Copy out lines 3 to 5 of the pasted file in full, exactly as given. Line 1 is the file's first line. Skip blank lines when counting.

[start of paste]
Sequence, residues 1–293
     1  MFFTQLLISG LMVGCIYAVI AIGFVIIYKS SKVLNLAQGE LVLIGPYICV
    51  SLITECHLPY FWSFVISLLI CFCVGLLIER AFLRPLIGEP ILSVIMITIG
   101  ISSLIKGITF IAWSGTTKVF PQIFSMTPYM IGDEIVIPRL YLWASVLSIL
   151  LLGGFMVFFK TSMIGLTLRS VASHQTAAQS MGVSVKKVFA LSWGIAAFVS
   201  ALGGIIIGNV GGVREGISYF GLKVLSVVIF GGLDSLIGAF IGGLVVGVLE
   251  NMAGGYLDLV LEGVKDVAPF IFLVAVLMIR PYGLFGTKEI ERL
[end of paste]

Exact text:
    51  SLITECHLPY FWSFVISLLI CFCVGLLIER AFLRPLIGEP ILSVIMITIG
   101  ISSLIKGITF IAWSGTTKVF PQIFSMTPYM IGDEIVIPRL YLWASVLSIL
   151  LLGGFMVFFK TSMIGLTLRS VASHQTAAQS MGVSVKKVFA LSWGIAAFVS